James Lowenthal has been a professor of astronomy for more than 25 years, starting at UMass Amherst in 1997 and starting in 2002 at Smith College in Northampton, MA.  He is a life-long advocate for the environment.  His passions for the stars, nature, and bicycling led him to an unanticipated but happy confluence: he has given dozens of talks and presentations to school groups and non-profit organizations and media about the importance of transportation in solving climate change.  (Cars are among the least efficient mode of transportation invented; bicycles are the most efficient.  Meanwhile, 1/3 of US gas is wasted on trips of 3 miles or fewer, an easy bike ride for most.).  In 2010 He founded the American Astronomical Society’s Sustainability Committee and led it for several years.  He served on the Smith College Sustainability Committee, organized numerous climate events and demonstrations, and wrote a faculty petition to the Smith Board of Trustees calling (successfully!) for divestment from fossil fuels.  After trying various approaches to teaching climate change in intro astronomy survey classes, he has found that leading the students in a mock UN climate summit seems like the most successful way to engage their interests and passions.  Lowenthal also teaches climate change science, policy, and advocacy in a class devoted to Astronomy and Public Policy.  The course is woven through with threads from the science communication curriculum of the Alan Alda Center for Communicating Science, with whom Lowenthal has partnered on an NSF grant and done numerous trainings, including specifically about communicating with the public about climate change.  One of Lowenthal’s maxims: spend as much time outdoors as possible!

Dr. Anna Cabre: education for the future

Dr. Cabre will be a panelist in our discussion “How do I as a [student/scientist/educator/science enthusiast] talk to people about climate change effectively?” on Fri. 4/21 at 12:30 pm EDT. Register for the session here!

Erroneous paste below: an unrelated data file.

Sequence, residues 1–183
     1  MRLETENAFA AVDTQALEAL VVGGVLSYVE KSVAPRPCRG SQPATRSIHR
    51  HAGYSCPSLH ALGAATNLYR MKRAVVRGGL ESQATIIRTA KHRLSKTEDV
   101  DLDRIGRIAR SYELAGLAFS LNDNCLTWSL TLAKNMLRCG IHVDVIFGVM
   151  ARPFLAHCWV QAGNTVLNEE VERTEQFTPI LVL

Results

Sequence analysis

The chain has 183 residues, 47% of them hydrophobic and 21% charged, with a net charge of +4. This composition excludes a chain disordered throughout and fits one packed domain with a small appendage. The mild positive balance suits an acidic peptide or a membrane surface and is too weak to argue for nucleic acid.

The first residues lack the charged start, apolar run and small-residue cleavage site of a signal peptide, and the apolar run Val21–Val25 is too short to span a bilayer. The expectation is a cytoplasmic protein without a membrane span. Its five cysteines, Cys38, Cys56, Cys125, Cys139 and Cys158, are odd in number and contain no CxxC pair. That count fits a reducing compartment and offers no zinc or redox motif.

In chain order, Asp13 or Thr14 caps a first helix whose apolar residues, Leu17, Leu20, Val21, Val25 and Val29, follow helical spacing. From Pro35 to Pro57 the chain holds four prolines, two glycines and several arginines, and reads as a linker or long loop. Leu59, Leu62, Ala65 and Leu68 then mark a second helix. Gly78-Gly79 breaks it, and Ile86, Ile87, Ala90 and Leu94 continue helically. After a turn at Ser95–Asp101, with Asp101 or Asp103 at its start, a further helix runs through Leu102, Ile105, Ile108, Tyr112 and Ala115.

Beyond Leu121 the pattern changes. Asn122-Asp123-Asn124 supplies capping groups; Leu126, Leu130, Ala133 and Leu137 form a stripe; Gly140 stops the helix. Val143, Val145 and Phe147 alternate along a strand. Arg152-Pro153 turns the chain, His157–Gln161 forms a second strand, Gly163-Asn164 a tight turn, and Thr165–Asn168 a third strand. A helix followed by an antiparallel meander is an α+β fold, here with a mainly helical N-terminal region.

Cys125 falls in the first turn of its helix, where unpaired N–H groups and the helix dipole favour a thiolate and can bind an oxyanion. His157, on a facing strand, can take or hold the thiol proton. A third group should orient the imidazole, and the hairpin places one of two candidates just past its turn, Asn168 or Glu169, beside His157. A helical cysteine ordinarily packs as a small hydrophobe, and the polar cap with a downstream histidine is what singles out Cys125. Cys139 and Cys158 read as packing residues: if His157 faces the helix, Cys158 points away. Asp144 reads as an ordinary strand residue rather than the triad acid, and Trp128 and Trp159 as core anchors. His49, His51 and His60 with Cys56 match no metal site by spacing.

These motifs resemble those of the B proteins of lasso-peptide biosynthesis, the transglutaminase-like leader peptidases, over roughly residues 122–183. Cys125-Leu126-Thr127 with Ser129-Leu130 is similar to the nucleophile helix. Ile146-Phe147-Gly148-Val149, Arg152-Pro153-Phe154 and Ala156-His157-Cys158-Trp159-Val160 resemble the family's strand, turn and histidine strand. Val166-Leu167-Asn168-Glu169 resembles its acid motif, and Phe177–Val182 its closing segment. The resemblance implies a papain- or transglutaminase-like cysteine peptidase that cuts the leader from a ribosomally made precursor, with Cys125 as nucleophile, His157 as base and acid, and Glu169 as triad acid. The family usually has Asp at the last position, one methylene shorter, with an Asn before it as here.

I am Anna Cabre, a climate physicist and oceanographer with a background in astronomy and cosmology. My goal is to contribute to a fair future, which takes into account the well-being of all and the care of our planet. After my PhD in the large-scale structure of the Universe and a post-doc in modified gravity, I moved into oceanography, researching everything from ocean currents to phytoplankton to oxygen to fisheries. In 2019, I went to the Antarctic Peninsula with 100 women scientists with a leadership program, filmed it all, and ventured out to make a documentary, Begin Again, about motherhood, women, Antarctica, climate change, and our future. I have since left strict academia to try international policy, education for the future, and write two children’s books (Mamma Goes to Antarctica and The Secret Life of Viruses) because I believe that educating about our impact on Earth is crucial to building a better future. The secret life of viruses was written together with Ellas Lideran, an association of which I am a co-founder and which promotes the climate and gender agenda in Spain.

Dr. Gina Maffey: science storytelling

Dr. Maffey will be a panelist in our discussion “How do I as a [student/scientist/educator/science enthusiast] talk to people about climate change effectively?” on Fri. 4/21 at 12:30 pm EDT. Register for the session here!